Wednesday, December 8, 2010
Coast 2 Coast: Tripping in Trinidad and Tobago - Monos Island
Quiet, airy, cool, and relaxing. Certainly, I am not speaking about some country area in Trinidad nor Tobago. "People here are unified. No one interferes with you, we are a small, simple community here, Mytle Lopez says. Ma Ben, as she is affectionately called, lived on Monos Island since 1981. "When I was seventeen years old, you could not get me to sit on a boat and get wet by salt water", she fondly remembers. In a nutshell, she got married, settled down with her husband, who was a fisherman with a home on Monos Island, and lived there to this day. Today, she is cleaning the area around a tall slim tree. "I am going to plant something here" she said. Mrs Lopez, regularly cleans the whole area, including the stretch of road she calls the highway, with her son. I asked her if she gets paid to do this, "No! I love my surroundings to be clean so I do it." Her son is using the weed wacker to clean one of the neighbors yards. This he gets paid for.
Monos Island or Scotland Bay, is one of a group of islands in the northwest area of Trinidad. In the old days they used to be called the Dragon Islands. On the way to Monos, you pass a couple of other islands called Fantasy Island which has a new name, and the ever popular Gaspree Island home of the Gaspree Caves. Photographs does not do justice to the sheer beauty of these remote and privately owned islands, you must see it in person.
"When I go to Monos, I am going home," remarks one resident. "I love the area and I tell my wife that this is where we belong." Mrs. Lopez, opens up her home to vacationers who want to rent. "My place is always open, I like when I stand right here in my kitchen, I can see the jetty and I can look out the window to greet people passing here," she laughs, her floured hands kneading a roll of corn maize dough. "You ever had Noni before?" she asked. I shook my head, "I've heard it tastes really bad, so I never tried it." She pulled out a large plastic cranberry juice bottle, "Have some of this, and tell me what you think." I looked at the brown liquid and got caught in my throat, "Ok". I figured I might as well, at least, to try it once. The liquid had a pungent smell, like a mix between an old toe-jamed grapefruit and sharp wine. The glass was filled to quarter and I took a sip, then I emptied the glass. My face screwed up a bit then I had a second glass. And then I smiled, she did too. Now, I am the proud owner of the large cranberry juice bottle of my first Noni Juice.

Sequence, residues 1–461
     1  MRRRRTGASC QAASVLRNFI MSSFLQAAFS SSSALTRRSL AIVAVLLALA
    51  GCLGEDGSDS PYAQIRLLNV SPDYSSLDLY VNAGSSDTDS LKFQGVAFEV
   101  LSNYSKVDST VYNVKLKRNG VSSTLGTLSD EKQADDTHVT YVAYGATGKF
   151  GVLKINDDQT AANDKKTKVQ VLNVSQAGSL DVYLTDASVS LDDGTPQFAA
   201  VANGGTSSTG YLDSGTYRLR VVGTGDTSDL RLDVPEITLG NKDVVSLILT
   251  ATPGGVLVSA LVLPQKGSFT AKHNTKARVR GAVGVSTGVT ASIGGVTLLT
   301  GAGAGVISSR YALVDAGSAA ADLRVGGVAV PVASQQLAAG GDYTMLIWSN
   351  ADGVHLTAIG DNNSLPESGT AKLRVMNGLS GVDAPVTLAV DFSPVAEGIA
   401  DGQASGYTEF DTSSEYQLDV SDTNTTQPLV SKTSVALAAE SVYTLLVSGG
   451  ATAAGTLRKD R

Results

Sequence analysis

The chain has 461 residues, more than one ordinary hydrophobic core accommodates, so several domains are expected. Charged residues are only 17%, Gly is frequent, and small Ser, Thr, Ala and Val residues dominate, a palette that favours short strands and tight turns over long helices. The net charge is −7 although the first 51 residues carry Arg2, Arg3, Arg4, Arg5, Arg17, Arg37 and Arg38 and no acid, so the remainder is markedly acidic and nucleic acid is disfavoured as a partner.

The Island is filled with fruit trees and vegetation. The air is clean and the grass is always green. A caretaker of one of the homes drives a compact open top vehicle. He is a dark, stocky guy his ras piled high on his head, he is shuttling his family to the beach down to the back known as Scotland Bay. Caribbean living at its finest. The beauty of the area is its natural undeveloped state. Some folks like the hub of cities, tall glass and metal buildings, fancy cars, a window cubicle, high-heeled shoes, the works. Here its a small boat, your wooden/concrete home, and quiet is all you need. Every morning at 5:30am, Mrs. Lopez starts the day by praying, then she takes a bath, goes outside tends her yard, and sweeps the 'highway'. Some days, she comes inland, and buys groceries at least once a week in Port of Spain.
In her home, Ma Ben or Mrs. Lopez is in her element. The refreshingly yellow home is partly wooden and partly concrete due to old age and termite damage. The house is very clean and airy. Her main bedroom still has her wooden floor, right next to it, is her small tiled bathroom and another larger visitors bedroom with double decker and single beds. How does she keep it so clean? "Cleaning is a daily thing you know, you have to keep making your rounds to keep your surroundings intact." On top of one of her clothes drawer, there is a picture of her and a young woman. "Thats Benita, my daughter, she died some years ago, here we were going to a wedding."
For me and many Trinis, Monos Island is a vacation get-away. A place that you jump off the jetty, see fishes, Sting Rays and Eels swim in their natural habitat, hear a variety of birds sing their songs of a new day, and pack up and go home. But for Ma Ben, her son Lance, and four other neighbors, Monos Island is home, its where their heart is.
2010© Lisa Marie Bonaparte